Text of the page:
WEATHER: Philadelphia, sunny, high of 88; Harrisburg, mostly cloudy, high of 85; Pittsburgh, mostly cloudy, high of 84.



* Failing schools are often regarded as an urban problem, but PA’s rural districts face funding shortfalls in the billion-dollar range. C&S PA profiled three remote schools on the verge of collapse.



* The PA Senate approved a modified version of the budget recently passed by the House – now lawmakers have to figure out how to pay for it, the Post-Gazette writes.

* Much of the spending plan revolves around expanding various forms of gambling in PA. The Inquirer helpfully breaks down the ramifications of the new gaming laws.

* Receiving little new money in the budget deal, the State Troopers warned they would be short thousands of cadets in coming years, Newsworks reports.

* Meanwhile, PennDOT said nearly all new transit funding would be eaten up by a law diverting driver’s license fees to the state police, the Patriot News reports.

* A bill to extend bar hours during the DNC is in trouble after the House added riders to – controversially – dilute the value of liquor licenses, the Morning Call writes.

* Following corruption scandals and big-money races, lawmakers could mull ending judicial elections in PA, according to Newsworks.

* Despite controversy over his falsified resume, Pittsburgh schools chief Anthony Hamlet survived a board vote recommending his firing, the Post-Gazette reports.

* Philadelphia School District Superintendent William Hite said the district had filled nearly all its long-standing teacher vacancies, the Inquirer reports.

* Scranton will auction off former public school properties worth millions, according to the Times-Tribune

* Staffers are worried the Kenney administration’s reshuffling of the city’s transportation department has created a leadership vacuum, according to Spoke Magazine.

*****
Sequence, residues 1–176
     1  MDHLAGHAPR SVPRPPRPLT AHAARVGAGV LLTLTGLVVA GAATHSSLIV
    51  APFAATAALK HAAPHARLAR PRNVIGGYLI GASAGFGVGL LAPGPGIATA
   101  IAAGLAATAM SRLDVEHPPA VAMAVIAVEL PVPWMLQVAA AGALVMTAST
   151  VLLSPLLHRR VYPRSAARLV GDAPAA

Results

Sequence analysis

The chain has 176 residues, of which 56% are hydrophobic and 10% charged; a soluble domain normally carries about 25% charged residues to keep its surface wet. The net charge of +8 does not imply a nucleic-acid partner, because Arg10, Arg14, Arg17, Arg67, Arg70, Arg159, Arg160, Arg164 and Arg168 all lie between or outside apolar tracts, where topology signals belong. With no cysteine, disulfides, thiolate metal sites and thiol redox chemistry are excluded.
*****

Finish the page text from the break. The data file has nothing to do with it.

* Pew released a series of new reports on Philadelphia’s infamously complex and onerous local taxes.



* After reports his PA ground game was all hot air, Republican Donald Trump appointed lobbyist David Urban to lead his campaign in the Keystone state, The Inquirer writes.

* Yet another poll showed Democrat Hillary Clinton with a commanding lead in the presidential race, CNN reports.

* Former candidate and Ohio Gov. John Kasich is promoting himself as the “most popular” Republican – presaging a convention upset, the Columbus Dispatch reports.



Be among the first to explore the all-new, which now features First Read and the latest issue of City & State PA magazine! In the June issue, out next week: the PA school funding crisis, DNC art program, HB 1947 and more.





* As the calendar turns to June 30, the Intelligencer holds out hope that Pennsylvanians won’t be getting a sense of deja vu over this year’s budget negotiations.

* The Morning Call’s Bill White is disappointed – but not surprised – by the PA Senate Judiciary Committee’s craven capitulation to the Catholic Church on HB 1947.

* The Erie Times-News editorial board also calls the PA Senate Judiciary Committee to task for failing to do the right thing for survivors of childhood sexual abuse.

* The York Dispatch slams the PA House for passing HB 1948, which would severely limit women’s abortion rights in the state – and is sure to be ruled illegal.

* In his Newsworks blog, Dick Polman continues his schadenfreude kind of week with a comprehensive takedown of the comprehensive failure of the House Select Committee on Benghazi to turn up anything that multiple previous inquiries didn’t already.